Every so often—okay, not very often actually, but more often than I hunt, or “take” (what a verb!), lions—I feel a little wistful about the Republican Party we all once knew. And that feeling is never stronger than when I reflect on the history of Medicare and Medicaid, which I spent part of yesterday doing, what with it being the 50th anniversary of the passage of the bill and all.
Lyndon Johnson went into the 1964 election knowing that he wanted to pass a universal health-care bill. He figured he couldn’t get full-bore socialized medicine, so he settled on socialized medicine for old people, reckoning that was a winner. Immediately upon winning election, he directed aides to get cracking, saying as I recall something to the effect that he was going to lose a little political capital every day, so the sooner the better.
It was big and messy and complicated, just like Obamacare, and frankly, Johnson lied about the cost, back in those pre-Congressional Budget Office days. But it passed, and it passed in a way that wasn’t just like Obamacare at all. Thirteen Republican senators voted for it, and 17 against; and in the House, 70 Republicans supported it, while 68 voted no. In other words, almost exactly half of all voting congressional Republicans, 83 out of 168, voted for the program that Ronald Reagan at the time was warning heralded the arrival of Marxism on our shores.
Pretty different GOP, eh? Well, now check out the numbers from 1983. This was, to be sure, more of a compromise piece of legislation. The Social Security Trust fund was in trouble at the time, so the 1983 amendments raised the payroll tax while increasing the retirement age to 67 for those born in 1960 or after, with the new revenue going to Medicare and Social Security. And of course you had a Republican president then, and not just any Republican president; so if Ronald Reagan was okay with a tax increase, they were, too. It passed both chambers overwhelmingly; House Republicans backed the 1983 changes 97-69, while Republican senators supported them by 47-6. (PDF)
It’s worth recalling all this on the anniversary of this great law because soon enough, we’re going to start hearing the usual attacks on Medicare. Wait, did I say soon enough? We already are! And not from the wingnut caucus. It was the, uh, moderate, Jeb Bush, who said just last week that Medicare is “an actuarially unsound system” and that “we need to figure out a way to phase out this program.”
All right. Now I’ll grant that times have changed since 1965 and 1983, and that we’re going to see all those Baby Boomers retire in the coming years. But let’s be clear about a central fact. The Medicare Trust Fund is not in big trouble right now. A few years ago, it was; there were desperate predictions that it was going to go broke in five years, three. I remember 2017 being mentioned as the ominous year, and 2017 is pretty close.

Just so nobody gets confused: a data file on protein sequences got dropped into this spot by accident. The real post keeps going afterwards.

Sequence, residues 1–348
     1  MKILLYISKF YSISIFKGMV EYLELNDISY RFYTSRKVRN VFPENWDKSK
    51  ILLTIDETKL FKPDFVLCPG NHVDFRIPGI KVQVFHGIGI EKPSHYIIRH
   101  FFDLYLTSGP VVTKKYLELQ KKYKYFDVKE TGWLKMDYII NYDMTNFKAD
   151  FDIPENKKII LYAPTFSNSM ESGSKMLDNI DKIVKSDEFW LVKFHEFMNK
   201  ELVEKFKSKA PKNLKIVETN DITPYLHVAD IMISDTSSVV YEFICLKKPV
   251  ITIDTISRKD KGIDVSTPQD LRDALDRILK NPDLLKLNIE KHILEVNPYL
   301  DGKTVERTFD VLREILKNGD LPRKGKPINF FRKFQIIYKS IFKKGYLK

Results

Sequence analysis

But that has changed. Now, the experts say Medicare is stable until 2030. Now 2030 isn’t infinity and beyond, but it’s not tomorrow either. The crisis has eased, and it has eased considerably.
What changed? Some of the reasons are just too wonky for me to go into with you in any detail, having to do with things like new strategies to reduce preventable hospital admissions. But another seems to be…wait for it…Obamacare. Ever since the passage of the Affordable Care Act, per-enrollee Medicare costs have decreased a little and are rising more slowly than overall health-care costs, and somehow or another the Medicare trustees have added 13 years to the program’s solvency.
In fact, let’s go mildly wonky here. This is worth knowing. Before the ACA passed, projections of Medicare bankruptcy were pegged, as noted, at 2017. Then shortly after the ACA became law, that was pushed to 2024. Then in 2013, it was nudged to 2026. Now it’s at 2030. See a pattern here? The main reason is simple: Overall spending is lower. You might remember Mitt Romney’s famous attacks on Obama for cutting $716 billion from Medicare, which took some cheek given that a) Republicans’ own projected cuts under Paul Ryan’s budget were far more severe and b) Ryan and other Republicans used the same budgetary assumptions Obama used for all their Medicare “reform” plans.
Just remember all this, will you, as you hear more from the Republicans on this topic. They are all going to say: Medicare is a disaster; it’s broke; Obamacare has made it far worse. They’ll say things that one can hardly believe can be said a person we’re allegedly supposed to be taking seriously, like Marco Rubio’s amazing comment that Social Security and Medicare “weakened us as a people.”
None of what they say will be true. But they’ll say it and say it, and the conservative media will repeat it and repeat it, and we’ll be in that “no, the sky is green and the grass is blue” territory that we know so well. And of course, their “reform” plans are, aside from being just mean, a total fantasy. The way Medicare works is so complicated and so embedded into our national life that the disruptions to doctors and hospitals and service providers of all kinds would be horrific. Only rich people, who don’t really need Medicare, and ideologues, who despise it, think you can do this. They might as well propose rerouting every single Interstate highway in America.
But most of all, it doesn’t need changing. Or actually it does, but in the direction of being expanded, as Bernie Sanders says. That’s probably not in the cards for the foreseeable future, although it will certainly come one day, perhaps by the time of Medicare’s own 65th birthday, when the people will surely be due for another “weakening.”